The basic design is pretty, but the gentleman needs to totally rethink his choice of tinctures. [KT]

In addition to the cited problems, I have to question the identifiability of the demi-wyverns. [KH] The client will be contacted concerning the tincture of the wyverns and to what he wishes to have the them issuing from. If he desires a bird-like nest, it will have to be depicted in a more woven and stick-like pattern; although nests are commonly made from sticks and twigs, so that “brown” could be used, it would be improved by using Or as the tincture of the nest, in addition to avoiding the issue of the dark tincture “brown” on an azure field. As all charges in this badge are conjoined, he might consider a fieldless badge. [MMM]

RETURNED for tincture violation.

The following submissions were registered by the S.C.A. College of Arms, May 2005:

Anna de Wombwell. Device. Per fess argent and azure, a covered well argent with wooden supports proper roofed vert.

This device does not conflict with Moira Hawthorn, Per bend sinister purpure and vert, a well argent masoned sable. There is a CD for changing the field and another for changing the tincture of the well's supports and roof, which together constitute half the charge.

Beth McDonald. Reblazon of device. Purpure, an elephant argent maintaining atop its back a pyramid Or, a bordure embattled argent.

We have reblazoned this device, originally blazoned Purpure, an elephant argent with a pyramid atop its back Or, a bordure embattled argent, to more clearly indicate the relative sizes of the elephant and the pyramid.

Jane Kynesman of Northamptonshire. Device. Per pale azure and gules, three saltorels argent.

Mary Kate O'Malley. Device. Per saltire vert and sable, on a lozenge argent a wolf's head cabossed sable.

Simon Kerbouchard. Device. Per chevron azure and Or, two decrescents and a dragon contourny counterchanged.

Wesley the Silent. Name and device. Per pale azure and sable, the capital letter Q and in base a cartouche fesswise Or.

Although 1565 is the earliest date we have for the adjective silent, the descriptive is found applied to people in the late 16th C. Nor can its meaning be considered particularly abstract or learned; the corresponding noun silence is found extensively in Middle English and Elizabethan English with the meaning muteness, reticence, taciturnity. Therefore, although it is unlikely that silent would have been used as a byname, it is registerable.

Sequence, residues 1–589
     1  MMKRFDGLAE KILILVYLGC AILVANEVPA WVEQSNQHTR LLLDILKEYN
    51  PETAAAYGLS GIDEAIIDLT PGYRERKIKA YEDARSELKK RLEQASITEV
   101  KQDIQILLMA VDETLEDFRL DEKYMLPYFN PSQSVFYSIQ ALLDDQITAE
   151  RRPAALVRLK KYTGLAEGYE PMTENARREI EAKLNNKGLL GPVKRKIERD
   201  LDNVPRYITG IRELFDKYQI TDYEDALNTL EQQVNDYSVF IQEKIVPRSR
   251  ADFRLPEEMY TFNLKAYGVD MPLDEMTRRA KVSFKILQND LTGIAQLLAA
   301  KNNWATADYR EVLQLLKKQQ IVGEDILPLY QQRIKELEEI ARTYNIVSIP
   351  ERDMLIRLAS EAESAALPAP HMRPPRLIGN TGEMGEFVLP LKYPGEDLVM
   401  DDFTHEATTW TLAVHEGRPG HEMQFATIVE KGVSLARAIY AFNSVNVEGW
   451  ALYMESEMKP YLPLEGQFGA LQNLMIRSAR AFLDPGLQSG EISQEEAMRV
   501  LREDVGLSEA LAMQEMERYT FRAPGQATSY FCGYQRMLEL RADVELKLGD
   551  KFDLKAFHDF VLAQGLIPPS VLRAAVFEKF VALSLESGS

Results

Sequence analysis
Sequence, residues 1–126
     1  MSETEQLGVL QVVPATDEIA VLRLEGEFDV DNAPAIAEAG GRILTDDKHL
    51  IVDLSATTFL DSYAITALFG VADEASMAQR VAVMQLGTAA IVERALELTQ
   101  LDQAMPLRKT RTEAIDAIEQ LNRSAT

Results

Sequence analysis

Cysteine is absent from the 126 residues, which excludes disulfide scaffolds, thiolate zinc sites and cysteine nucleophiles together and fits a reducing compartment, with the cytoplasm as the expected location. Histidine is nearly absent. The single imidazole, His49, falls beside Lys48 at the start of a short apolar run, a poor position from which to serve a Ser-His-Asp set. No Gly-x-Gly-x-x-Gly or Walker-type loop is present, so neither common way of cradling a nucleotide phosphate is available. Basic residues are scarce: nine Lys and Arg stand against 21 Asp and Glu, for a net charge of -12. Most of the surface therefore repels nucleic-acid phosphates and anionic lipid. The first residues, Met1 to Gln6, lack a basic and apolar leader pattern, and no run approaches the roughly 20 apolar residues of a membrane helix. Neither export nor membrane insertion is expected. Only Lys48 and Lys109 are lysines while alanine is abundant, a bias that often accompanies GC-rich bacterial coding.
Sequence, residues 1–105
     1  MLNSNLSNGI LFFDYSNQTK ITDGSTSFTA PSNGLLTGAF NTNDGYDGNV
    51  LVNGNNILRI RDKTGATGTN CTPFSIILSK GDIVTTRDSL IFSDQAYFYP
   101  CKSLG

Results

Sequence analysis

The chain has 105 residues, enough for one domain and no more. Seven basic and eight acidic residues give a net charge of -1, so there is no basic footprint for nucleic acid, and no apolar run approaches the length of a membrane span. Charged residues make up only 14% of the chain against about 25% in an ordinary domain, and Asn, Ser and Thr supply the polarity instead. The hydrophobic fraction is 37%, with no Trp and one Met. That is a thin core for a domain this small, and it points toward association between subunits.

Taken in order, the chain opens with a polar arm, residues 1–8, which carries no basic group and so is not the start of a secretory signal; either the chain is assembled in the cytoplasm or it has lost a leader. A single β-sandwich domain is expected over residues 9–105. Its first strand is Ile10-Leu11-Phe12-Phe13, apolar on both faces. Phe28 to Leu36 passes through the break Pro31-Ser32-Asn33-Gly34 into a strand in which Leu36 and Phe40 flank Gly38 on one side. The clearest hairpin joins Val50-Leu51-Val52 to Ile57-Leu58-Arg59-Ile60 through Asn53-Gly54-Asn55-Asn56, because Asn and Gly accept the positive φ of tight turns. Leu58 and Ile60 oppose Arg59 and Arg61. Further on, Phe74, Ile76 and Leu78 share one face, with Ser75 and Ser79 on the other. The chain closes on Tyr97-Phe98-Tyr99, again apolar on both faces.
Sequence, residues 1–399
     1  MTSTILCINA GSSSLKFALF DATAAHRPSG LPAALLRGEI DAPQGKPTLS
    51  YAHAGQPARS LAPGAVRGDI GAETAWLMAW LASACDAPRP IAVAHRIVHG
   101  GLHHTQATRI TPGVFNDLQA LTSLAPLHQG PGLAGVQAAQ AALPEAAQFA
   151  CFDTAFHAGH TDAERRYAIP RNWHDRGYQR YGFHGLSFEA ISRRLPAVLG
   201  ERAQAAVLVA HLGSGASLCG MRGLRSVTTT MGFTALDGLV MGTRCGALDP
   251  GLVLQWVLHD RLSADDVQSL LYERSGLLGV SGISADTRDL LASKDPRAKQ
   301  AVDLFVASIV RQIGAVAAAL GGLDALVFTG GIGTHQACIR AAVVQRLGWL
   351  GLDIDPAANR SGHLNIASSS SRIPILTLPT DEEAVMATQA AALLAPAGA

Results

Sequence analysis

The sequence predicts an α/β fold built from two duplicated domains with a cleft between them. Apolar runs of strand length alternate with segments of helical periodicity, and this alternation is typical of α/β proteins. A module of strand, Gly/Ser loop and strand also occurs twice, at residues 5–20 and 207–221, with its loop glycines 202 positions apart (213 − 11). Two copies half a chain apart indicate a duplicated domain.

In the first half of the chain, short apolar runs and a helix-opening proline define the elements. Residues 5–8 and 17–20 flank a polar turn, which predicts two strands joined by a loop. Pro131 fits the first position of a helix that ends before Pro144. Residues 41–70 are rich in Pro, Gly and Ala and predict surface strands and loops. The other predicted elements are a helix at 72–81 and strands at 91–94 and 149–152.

The following submissions have been returned for further work, May 2005:

William of Tir Ysgithr. Holding name and device. Or, a vol sable and a bordure gules.

This device conflicts with William Guiscard, Or, a pair of bat's wings, conjoined and displayed, sable within a bordure countercompony vert and argent. Research into period usage finds bird's wings, but not bat's wings, as a stand-alone charge. Bat's wings are found only attached to bats or to various monsters such as dragons. Moreover, A European Armorial, by Rosemary Pinches and Anthony Wood (a drawing of a 15th C work), shows examples of dragon crests with both bird's wings and bat's wings, suggesting that the choice between the two may have been a matter of artistic license. Under the circumstances, we cannot see granting a CD between bird's wings and bat's wings, even as a stand-alone charge.

This item was originally submitted under the name Wilhelm Ludwig von Rabeslautern. The name was returned on the August 2004 LoAR and the device pended under the holding name.

Marta as tu Mika-Mysliwy

c/o Linda Miku

2527 East 3rd Street, Tucson AZ 85716

Commonly-Cited References

Black, George F. The Surnames of Scotland.

Gordon, E.V. An Introduction to Old Norse, 2nd edition, Oxford at the Claredon Press, 1957.

MacLysaght, E. The Surnames of Ireland. Dublin, Irish Academic Press, 1991.

Medieval Names Archive.

Ó Corráin, Donnchadh and Fidelma Maguire. Irish Names.

Reaney, P.H. and R. M. Wilson. A Dictionary of English Surnames, 2nd Edition, 1976, reprinted 1979.

Withycombe, E.G., The Oxford Dictionary of English Christian Names, 3rd Edition. London, Oxford University Press, 1977.